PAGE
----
Although players are constantly thrust into 1v1 battles on a football pitch, defending is something that the whole team needs to engage in as a unit. As a result, players need to learn how to support each other in defense, even if they are not directly involved with the play. This article will explore support in defense for 9v9 teams through diagrams involving the 3-2-3 and 3-4-1 formations.
SHIFTING WITH THE PLAY
Whenever we are defending, we need to be reactive to the movements and passes of the opposition. One such way of doing that is by shifting and sliding with the play. If the ball finds its way to our left side, all players should have an inclination to be at the very least more to that side of the field than the other. Our right sided players should come to around the middle, as everyone else slides over and ensures they don’t have a route to play back over to the right. If we can shift as a unit, we can eliminate space and give the opposition fewer routes forward, thus delaying their ability to attack.
Shifting to the side of the ball can also be more proactive, such as when we are playing out from the back and the far-sided fullback shifts to the middle. There is no immediate danger, but just in case something goes wrong then we have a player there to help clean up the mess. However, note that if the right back in the example below decides to play back to the goalkeeper, the left-back can immediately get wide again, to allow for a switch of play to occur. So even when we are being proactive with our support in defense (because we have the ball and there is no immediate danger) we still need to be thinking about how to support in attack.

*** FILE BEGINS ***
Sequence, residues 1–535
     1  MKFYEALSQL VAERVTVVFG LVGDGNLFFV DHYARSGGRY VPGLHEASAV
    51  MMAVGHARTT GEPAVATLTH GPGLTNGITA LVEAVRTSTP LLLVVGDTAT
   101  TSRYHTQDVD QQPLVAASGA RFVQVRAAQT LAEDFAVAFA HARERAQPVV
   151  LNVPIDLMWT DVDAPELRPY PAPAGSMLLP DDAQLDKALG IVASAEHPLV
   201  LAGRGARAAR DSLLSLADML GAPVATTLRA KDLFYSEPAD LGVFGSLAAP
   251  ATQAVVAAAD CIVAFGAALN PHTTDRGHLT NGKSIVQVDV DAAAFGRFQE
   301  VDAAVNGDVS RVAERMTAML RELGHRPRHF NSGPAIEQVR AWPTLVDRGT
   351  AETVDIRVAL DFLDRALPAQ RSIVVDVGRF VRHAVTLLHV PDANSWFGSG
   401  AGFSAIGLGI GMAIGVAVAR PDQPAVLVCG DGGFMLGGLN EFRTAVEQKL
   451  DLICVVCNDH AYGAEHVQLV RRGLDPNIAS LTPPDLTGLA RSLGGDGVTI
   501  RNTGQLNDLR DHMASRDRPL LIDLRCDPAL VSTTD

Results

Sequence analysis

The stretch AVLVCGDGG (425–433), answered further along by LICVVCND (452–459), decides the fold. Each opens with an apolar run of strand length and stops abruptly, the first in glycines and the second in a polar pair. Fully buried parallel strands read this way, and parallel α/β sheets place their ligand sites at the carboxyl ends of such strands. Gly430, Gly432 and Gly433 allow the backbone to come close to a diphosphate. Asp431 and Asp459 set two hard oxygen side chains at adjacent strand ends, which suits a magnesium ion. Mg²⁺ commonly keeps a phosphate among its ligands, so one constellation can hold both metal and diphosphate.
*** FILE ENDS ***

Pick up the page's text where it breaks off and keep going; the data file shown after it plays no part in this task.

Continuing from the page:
Communication is something that can significantly aid in our ability to support each other in defense. Opposition attackers rarely stick to just one position and so as they move from right to left, we need to be in constant communication about the movement of their front players. Phrases like “coming your way” or “watch number _” can be helpful in this regard. Often times players communicate, but sometimes it is not loud enough or with enough urgency. When the ball is in our defensive third, the alarm bells need to be ringing and we need to have a “defend at all costs” mentality that can be sparked by one or two players rallying the others to have that mentality through their communication.
We also need to communicate about who should pressure, who should cover and who should provide balance. Closest to the ball should pressure, defending players nearby should cover their passing options, cover space or both, while far-sided players further away from the play provide balance by coming closer to the middle and helping our team remain compact.
When possible, if the opposition is able to advance into our half, we want to force them to the outside. We want to protect the middle of the field and push them away from our goal. As a method of doing this, we become compact (narrow) and get closer together, thus eliminating both space and potential options the other team might have in the middle. Our central midfielders have a massive role in this as they can shift and slide with the movement of the ball to cut off and intercept passes into the other team’s attackers. In the above example, the left-centre-mid is able to cut off a pass to both their striker and their central midfielder through the position they take up. By doing this, they are also supporting every other player around them, such as freeing up the left-back if they suddenly need to pressure the ball, and allowing the left-wing time to get back because the player on the ball will have no passing options and their attack will be delayed.
So there it is! Support in Defense for 9v9 teams. Defending is ultimately something that players have to learn how to do as a team. Although it is typically more reactive than proactive, by following some of these steps your team can always be prepared to win the ball back in any situation. Thanks for reading and see you soon!
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